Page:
A Sneak Peek of Jamie’s Mothership Sunday Roast Lamb Recipe

Everybody in our house loves roast lamb, particularly when it has been slow roasted, making it perfecty tender and soft. I’ve been given special permission to share a recipe by Jamie Oliver from his latest book, Save with Jamie, for his Mothership Sunday Roast Lamb, accompanied by a great photograph by David Loftus (I’m a huge fan!) This recipe is perfect for the weekend and I’m sharing it here ahead of it being shown on Jamie’s Money Saving Meals on Monday night on Channel 4 at 8pm. The idea is that you make a huge roast on a Sunday and then use the leftover meat as the basis for more meals throughout the week.

Mothership Sunday Roast Lamb
The recipe itself is one of my favourite’s from this latest installment by Jamie Oliver and there are even a couple of bonus recipes within it, too. You also get the instructions for perfectly crispy rosemary and garlic roast potatoes, an easy fresh mint sauce and a quick Savoy cabbage and streaky bacon dish for the side.

Slow roasted lamb is something that you really can’t go wrong with – you’ll need around 3-4 hours to get this lamb cooked to perfection and literally falling off the one, but I promise you’ll have a really tasty Sunday roast with plenty of meat for leftovers throughout the week. Plus, using a cheaper cut of lamb from the shoulder means you’ll end up with a more flavourful and cost-effective end result.

Other than this Mothership Sunday Roast Lamb recipe, I’m not sure which other recipes Jamie is going to highlight on the show this Monday, but after my recent trip to America where I ate plenty of Tex-Mex rolls and wraps, I’m really hoping that the Bad Boy BBQ Burritos on page 196 of the book will make an appearance at some point as well.  This recipe along with a few other recipes from the book will then be featured on the Save with Jamie recipe page  over on JamieOliver.com.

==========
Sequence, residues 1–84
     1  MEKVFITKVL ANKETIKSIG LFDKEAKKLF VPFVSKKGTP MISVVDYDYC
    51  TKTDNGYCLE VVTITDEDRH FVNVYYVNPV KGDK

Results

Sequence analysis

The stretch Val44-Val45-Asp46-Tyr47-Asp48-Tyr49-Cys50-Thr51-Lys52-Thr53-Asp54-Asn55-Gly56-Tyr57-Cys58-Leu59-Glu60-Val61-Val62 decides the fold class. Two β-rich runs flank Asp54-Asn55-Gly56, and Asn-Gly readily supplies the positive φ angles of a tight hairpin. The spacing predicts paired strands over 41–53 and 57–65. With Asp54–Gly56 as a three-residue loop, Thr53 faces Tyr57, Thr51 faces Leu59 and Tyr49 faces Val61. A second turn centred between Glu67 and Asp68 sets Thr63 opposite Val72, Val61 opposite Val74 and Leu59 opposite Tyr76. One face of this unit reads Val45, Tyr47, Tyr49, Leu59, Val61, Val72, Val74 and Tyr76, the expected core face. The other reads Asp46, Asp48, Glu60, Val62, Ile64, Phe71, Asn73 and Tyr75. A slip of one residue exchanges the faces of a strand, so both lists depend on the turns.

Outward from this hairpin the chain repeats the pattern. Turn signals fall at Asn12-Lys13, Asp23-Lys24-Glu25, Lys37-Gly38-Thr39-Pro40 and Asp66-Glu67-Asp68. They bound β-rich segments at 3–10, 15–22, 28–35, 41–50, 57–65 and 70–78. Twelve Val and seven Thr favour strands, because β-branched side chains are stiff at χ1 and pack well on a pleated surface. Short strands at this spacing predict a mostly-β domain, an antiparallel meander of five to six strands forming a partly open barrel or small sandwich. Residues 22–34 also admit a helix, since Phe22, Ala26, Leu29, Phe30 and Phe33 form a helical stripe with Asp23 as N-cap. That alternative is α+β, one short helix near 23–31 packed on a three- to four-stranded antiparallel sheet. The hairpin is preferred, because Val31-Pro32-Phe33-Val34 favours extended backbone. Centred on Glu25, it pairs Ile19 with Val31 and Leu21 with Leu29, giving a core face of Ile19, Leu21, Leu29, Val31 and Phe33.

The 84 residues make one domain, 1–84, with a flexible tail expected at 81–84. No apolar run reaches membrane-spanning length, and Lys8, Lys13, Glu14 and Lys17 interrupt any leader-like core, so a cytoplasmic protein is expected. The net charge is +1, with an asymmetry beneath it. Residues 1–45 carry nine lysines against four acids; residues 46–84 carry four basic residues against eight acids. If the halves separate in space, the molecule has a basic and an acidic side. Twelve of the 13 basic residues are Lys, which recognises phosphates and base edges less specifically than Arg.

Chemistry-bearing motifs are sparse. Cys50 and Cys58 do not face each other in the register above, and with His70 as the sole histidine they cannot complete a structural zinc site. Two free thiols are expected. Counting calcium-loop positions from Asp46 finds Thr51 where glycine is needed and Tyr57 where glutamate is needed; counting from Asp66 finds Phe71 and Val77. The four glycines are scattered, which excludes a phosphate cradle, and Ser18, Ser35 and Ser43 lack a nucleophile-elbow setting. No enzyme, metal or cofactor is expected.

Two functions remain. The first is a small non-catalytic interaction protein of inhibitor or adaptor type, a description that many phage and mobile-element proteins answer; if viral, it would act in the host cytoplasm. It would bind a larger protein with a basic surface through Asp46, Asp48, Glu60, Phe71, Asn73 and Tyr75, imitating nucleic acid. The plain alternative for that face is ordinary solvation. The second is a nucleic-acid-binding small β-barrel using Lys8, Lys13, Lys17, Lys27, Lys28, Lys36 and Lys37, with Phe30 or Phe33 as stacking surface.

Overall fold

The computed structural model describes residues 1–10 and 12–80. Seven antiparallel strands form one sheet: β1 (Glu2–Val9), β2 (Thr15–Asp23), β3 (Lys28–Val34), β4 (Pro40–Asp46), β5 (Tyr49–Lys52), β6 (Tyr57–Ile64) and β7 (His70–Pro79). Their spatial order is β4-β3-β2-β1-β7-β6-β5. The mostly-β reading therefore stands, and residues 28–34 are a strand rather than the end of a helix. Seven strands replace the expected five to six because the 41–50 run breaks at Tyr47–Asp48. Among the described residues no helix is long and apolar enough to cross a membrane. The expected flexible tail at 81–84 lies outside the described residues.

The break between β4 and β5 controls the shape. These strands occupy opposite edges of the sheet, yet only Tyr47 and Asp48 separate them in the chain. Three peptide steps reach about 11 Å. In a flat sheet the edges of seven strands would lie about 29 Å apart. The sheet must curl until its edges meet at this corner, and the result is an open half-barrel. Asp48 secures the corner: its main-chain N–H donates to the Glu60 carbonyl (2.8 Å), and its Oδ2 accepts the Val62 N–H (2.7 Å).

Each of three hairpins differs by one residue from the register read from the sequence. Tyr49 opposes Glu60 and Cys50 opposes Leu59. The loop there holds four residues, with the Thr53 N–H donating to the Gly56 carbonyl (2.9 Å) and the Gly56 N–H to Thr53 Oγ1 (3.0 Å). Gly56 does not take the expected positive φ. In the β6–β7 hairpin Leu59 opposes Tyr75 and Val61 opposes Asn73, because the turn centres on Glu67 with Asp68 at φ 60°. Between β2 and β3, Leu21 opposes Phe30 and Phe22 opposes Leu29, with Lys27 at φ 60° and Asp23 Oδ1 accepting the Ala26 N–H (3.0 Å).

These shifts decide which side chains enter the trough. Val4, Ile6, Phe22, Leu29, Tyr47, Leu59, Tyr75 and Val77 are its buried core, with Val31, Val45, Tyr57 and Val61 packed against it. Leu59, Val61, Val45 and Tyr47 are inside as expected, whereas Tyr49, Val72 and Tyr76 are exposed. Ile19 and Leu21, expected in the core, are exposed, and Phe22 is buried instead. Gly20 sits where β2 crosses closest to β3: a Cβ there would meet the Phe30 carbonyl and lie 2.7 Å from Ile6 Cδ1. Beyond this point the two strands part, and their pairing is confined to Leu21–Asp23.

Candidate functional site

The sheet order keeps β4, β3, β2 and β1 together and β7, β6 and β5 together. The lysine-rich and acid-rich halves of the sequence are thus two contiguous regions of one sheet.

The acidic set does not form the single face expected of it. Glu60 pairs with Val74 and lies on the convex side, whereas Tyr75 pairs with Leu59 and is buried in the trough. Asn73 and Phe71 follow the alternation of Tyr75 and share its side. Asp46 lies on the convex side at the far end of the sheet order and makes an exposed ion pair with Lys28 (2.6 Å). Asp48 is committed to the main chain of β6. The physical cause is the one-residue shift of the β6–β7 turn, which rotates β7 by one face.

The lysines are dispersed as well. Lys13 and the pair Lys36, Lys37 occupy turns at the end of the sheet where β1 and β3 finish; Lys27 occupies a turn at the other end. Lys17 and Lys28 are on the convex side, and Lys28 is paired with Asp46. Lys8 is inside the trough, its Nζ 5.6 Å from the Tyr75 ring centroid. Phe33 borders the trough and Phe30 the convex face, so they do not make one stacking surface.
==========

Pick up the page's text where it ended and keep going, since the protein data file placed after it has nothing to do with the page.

Jamie Oliver’s Mothership Roast Lamb

Serves 6 plus leftovers
Total time: 4 hours 15 minutes

Ingredients:

1 bulb of garlic
1 bunch of fresh rosemary (30g)
olive oil
1 x 2.5kg shoulder of lamb, bone in
3 onions
1.5kg potatoes
1 bunch of fresh mint (30g)
1 teaspoon golden caster sugar
3 tablespoons white wine vinegar
4 rashers of smoked streaky bacon
1 large Savoy cabbage
1 tablespoon plain flour
500g frozen peas

Method:

Preheat the oven to 170°C/325°C/gas 3. In a pestle and mortar, bash
4 peeled garlic cloves, half  the rosemary leaves and a pinch of  salt and
pepper into a paste, then muddle in a good lug of oil. Stab the lamb ten
times, then stick your finger in each hole and massage the marinade in and
all over. Peel and quarter the onions and place in a snug-fitting roasting tray
(this is important), with the lamb on top. Add 50ml of water, cover tightly
with tin foil and cook for 3 hours. Remove the foil, pour away all the fat
(save as dripping – see page 158) and add another 200ml of water to the
tray. Cook for 1 hour more, or until the meat falls away from the bone,
adding another good splash of water, if it starts to dry out.

Meanwhile, peel the potatoes, halving any larger ones, and parboil in a large